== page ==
Learn what happened in business in today’s past
1991: Charles H. Keating, Jr., the kingpin of the savings & loan crisis, is convicted on 17 charges of California state securities fraud. The former chairman of Lincoln Savings & Loan is found guilty of making false statements and omitting disclosures about the risks of junk bonds that were sold to more than 17,000 investors. Those bonds, sold for roughly $250 million, have turned out to be near-worthless. Many of Lincoln's investors were elderly widows, one of whom pummels Keating on the shoulder with her powdered wig when he passes her in the courthouse hallway.
The Wall Street Journal, December 5, 1991, p. A3.
1989: M. Danny Wall, head of the U.S. Office of Thrift Supervision, resigns as the top regulator of savings & loan institutions. As the cost of bailing out the nation's "thrifts" rises above $166 billion and charges of fraud swirl around Charles Keating's Lincoln Savings & Loan Association, Wall quits after two years of struggling to get the S&L crisis under control.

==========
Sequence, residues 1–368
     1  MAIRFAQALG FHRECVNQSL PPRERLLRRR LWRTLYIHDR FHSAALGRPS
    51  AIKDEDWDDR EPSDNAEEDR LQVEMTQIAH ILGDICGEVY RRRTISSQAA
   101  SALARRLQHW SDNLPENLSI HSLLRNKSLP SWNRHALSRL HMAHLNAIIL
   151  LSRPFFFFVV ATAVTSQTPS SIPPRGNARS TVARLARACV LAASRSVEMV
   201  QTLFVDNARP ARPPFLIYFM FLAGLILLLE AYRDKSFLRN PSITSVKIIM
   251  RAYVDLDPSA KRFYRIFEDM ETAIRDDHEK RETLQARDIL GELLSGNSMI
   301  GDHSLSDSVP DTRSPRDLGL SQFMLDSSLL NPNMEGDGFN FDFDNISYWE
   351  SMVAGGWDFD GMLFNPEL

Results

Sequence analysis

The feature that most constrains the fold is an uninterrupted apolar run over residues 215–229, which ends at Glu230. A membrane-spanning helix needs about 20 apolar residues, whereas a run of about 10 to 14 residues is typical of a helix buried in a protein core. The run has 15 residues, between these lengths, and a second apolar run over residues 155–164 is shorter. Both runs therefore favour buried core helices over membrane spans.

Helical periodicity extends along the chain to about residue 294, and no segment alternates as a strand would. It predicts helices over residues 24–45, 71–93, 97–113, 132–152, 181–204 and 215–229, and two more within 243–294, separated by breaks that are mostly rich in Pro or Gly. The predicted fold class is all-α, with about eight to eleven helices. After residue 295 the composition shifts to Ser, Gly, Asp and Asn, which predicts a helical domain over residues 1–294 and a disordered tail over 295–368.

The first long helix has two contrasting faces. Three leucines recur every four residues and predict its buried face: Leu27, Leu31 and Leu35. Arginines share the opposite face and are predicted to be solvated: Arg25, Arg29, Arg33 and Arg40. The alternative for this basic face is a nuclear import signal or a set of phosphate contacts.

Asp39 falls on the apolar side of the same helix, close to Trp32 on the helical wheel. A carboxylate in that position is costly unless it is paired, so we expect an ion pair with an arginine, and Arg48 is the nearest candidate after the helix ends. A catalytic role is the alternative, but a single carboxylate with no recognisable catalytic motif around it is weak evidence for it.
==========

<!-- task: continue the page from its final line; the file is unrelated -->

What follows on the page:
The Wall Street Journal, December 5, 1989, pp. A3, A18.
1928: President Calvin Coolidge, in his State of the Union address, makes one of the worst market-timing calls in history: "The requirements of existence have passed beyond the standard of necessity into the region of luxury. Enlarging production is consumed by an increasing demand at home, and an expanding commerce abroad. The country can regard the present with satisfaction and anticipate the future with optimism?." Less than one year later, the Great Depression begins.
Edward Angly, Oh Yeah? (Fraser Publishing Co., Burlington, VT, 1992 ed.), pp 6-7.